(Photo: Mostafa Alkharouf/Anadolu Agency via Getty Images)

Israelis carry banners and flags as they gather in front of the the Knesset to protest Israel’s new far-right government in Jerusalem on December 29, 2022.

Global concerns about the new Israeli government—especially what it means for Palestinians—continued to grow Thursday as Benjamin Netanyahu took the oath of office to again serve as prime minister, this time leading the most far-right and religiously conservative coalition in the country’s history.

The embattled leader was sworn in following a 63-54 vote of confidence in his new government by the Knesset, Israel’s parliament. He has appointed 30 ministers and three deputy ministers from his Likud party as well as Noam, Otzma Yehudit (“Jewish Power”‘), Religious Zionism, Shas, and United Torah Judaism.

“It is already clear that the emerging coalition will be disastrous for human rights between the Jordan River and the Mediterranean Sea.”

The coalition finalized Wednesday features “a mix of an ultra-Orthodox and right-wing bloc,” with some of the most “right-wing politicians we’ve seen,” Al Jazeera’s Sara Khairat reported Thursday from West Jerusalem, as protesters gathered. “They were on the fringes of politics and now here they are on the main stage.”

Some ministry appointments were only possible because of a pair of laws passed by the Knesset on Tuesday—one enabling Aryeh Deri of Shas to serve as minister of the interior despite his recent tax fraud conviction and another allowing Religious Zionism’s Bezalel Smotrich to take on multiple posts.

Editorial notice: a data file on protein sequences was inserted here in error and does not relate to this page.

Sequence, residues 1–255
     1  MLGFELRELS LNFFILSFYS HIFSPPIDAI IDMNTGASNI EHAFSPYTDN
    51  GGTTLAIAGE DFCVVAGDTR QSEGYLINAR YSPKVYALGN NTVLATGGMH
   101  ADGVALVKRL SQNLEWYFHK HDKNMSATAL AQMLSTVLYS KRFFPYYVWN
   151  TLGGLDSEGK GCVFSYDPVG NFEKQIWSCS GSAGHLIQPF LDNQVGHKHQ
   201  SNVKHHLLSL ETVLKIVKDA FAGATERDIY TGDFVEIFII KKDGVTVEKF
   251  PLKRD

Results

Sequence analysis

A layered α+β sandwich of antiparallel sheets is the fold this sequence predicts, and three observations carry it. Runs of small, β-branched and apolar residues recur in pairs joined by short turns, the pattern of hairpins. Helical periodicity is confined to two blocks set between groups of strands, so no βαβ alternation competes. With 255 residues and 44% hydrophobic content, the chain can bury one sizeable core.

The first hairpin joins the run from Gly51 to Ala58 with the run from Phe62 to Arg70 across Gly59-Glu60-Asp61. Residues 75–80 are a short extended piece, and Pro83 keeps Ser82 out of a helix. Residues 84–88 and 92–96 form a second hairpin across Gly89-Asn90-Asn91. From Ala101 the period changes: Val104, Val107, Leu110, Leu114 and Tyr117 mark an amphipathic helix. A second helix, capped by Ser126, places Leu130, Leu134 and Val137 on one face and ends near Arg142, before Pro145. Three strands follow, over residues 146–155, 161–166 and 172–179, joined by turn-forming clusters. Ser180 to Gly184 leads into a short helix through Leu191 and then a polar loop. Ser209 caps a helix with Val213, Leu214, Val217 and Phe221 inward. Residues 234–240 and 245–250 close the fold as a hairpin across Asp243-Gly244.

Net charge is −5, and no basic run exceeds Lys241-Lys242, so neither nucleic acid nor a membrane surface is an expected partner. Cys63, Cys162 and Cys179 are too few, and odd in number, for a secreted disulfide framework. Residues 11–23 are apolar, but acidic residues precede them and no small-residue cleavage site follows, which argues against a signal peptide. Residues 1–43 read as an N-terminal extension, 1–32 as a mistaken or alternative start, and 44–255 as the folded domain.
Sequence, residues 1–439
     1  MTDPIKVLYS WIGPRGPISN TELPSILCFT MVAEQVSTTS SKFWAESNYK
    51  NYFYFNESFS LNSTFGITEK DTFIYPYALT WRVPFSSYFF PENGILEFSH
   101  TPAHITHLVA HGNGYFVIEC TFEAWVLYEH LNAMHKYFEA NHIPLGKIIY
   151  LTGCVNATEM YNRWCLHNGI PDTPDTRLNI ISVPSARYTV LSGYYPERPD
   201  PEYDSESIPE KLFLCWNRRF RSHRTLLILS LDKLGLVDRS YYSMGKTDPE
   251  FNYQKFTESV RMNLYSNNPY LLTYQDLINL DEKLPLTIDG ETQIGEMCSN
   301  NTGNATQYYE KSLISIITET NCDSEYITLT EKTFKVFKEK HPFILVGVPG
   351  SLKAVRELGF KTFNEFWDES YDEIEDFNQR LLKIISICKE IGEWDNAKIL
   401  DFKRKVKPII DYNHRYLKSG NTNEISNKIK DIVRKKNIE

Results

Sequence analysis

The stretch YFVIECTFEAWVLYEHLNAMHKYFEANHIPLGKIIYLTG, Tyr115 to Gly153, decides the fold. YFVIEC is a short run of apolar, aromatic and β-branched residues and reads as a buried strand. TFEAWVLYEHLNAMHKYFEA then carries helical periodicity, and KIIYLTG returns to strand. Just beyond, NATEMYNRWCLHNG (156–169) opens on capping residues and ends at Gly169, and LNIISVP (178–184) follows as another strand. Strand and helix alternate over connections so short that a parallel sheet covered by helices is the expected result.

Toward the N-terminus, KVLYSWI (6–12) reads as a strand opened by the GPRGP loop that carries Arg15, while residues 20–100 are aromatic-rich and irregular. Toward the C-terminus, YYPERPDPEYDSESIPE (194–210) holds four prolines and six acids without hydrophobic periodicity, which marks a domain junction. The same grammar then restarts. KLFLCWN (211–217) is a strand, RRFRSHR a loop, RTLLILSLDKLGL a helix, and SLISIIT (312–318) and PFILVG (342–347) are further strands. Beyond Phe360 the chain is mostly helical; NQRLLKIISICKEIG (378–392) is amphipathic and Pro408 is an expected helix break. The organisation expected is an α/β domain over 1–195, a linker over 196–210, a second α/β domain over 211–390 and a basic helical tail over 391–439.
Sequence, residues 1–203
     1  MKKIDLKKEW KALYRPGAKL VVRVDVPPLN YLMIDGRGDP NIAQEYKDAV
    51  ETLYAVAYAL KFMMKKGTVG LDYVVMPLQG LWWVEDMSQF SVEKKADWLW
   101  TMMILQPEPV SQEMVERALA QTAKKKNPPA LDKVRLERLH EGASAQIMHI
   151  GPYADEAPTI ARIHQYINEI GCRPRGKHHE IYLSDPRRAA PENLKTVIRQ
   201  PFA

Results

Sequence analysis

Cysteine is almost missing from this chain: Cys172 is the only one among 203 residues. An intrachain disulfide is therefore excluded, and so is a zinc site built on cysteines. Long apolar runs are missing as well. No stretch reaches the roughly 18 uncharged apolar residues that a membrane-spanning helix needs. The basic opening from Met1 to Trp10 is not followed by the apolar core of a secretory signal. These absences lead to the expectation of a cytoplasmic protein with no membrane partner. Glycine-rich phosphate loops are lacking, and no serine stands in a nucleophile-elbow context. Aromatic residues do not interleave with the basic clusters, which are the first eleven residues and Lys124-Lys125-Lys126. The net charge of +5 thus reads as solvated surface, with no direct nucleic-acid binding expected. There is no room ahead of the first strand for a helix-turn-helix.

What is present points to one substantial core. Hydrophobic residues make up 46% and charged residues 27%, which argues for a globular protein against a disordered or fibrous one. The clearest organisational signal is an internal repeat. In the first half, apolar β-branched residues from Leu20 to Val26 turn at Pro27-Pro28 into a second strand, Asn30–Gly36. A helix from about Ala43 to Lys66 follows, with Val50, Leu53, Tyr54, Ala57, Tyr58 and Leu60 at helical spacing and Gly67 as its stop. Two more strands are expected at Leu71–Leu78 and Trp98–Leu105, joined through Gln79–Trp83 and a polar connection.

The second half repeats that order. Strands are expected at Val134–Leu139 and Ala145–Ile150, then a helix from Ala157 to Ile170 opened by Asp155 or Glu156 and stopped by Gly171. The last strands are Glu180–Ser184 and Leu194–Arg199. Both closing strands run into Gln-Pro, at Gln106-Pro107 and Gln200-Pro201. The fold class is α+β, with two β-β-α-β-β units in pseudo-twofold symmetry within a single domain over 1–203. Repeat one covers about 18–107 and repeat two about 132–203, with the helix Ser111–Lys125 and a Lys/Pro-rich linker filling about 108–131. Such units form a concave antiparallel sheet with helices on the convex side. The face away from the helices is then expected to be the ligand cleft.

“These laws… dovetail with Netanyahu’s own attempt to escape potential liability for his long-running corruption/bribery trial,” wroteMondoweiss‘ Jonathan Ofir. “If such exceptions can be made for Smotrich and Deri and cemented into law, this paves the way for the same being done for Netanyahu, when the need arises.”

Another controversial pick is Otzma Yehudit’s Itamar Ben-Gvir, the new national security minister, who in 2007 was convicted of incitement to racism against Arabs and supporting a terrorist organization. As Common Dreamsreported last week, the government reached a deal to lift the ban on parliamentary candidates who incite racism.

In a joint statement Thursday, several advocacy groups said that “it is already clear that the emerging coalition will be disastrous for human rights between the Jordan River and the Mediterranean Sea.”

“Previous Israeli governments have already entrenched military control over millions of Palestinians, severely harmed their human rights, and made the possibility of a just future more difficult,” they continued. “The senior figures in this new government have made it clear that they intend to exacerbate this trend and advance dangerous measures.”

The organizations—including Adalah, B’Tselem, Breaking the Silence, Peace Now, and Physicians for Human Rights Israel (PHRI)—warned that “the occupation and apartheid in the occupied Palestinian territories have made Jewish supremacy the de facto law of the land and the new government seeks to adopt this into their official policy.”

“As the mask slips away, we will continue to stand firm to protect the human rights of the most vulnerable population in the region,” the groups concluded. “We call on everyone for whom the future of this place is important to stand together with us.”

Warning of the coalition’s determination “to hurt the vulnerable, discriminate, and withhold medical care from migrants, Palestinians, and queer people,” PHRI declared in a series of tweets Thursday that “it’s time to resist.”

On the eve of his inauguration, Netanyahu had laid out the new government’s agenda—and made clear that expanding illegal settlements in occupied Palestinian territory is a top priority.

“The Jewish people have an exclusive and inalienable right to all parts of the land of Israel. The government will promote and develop settlement in all parts of the land of Israel—in the Galilee, the Negev, the Golan, Judea, and Samaria,” the agenda states.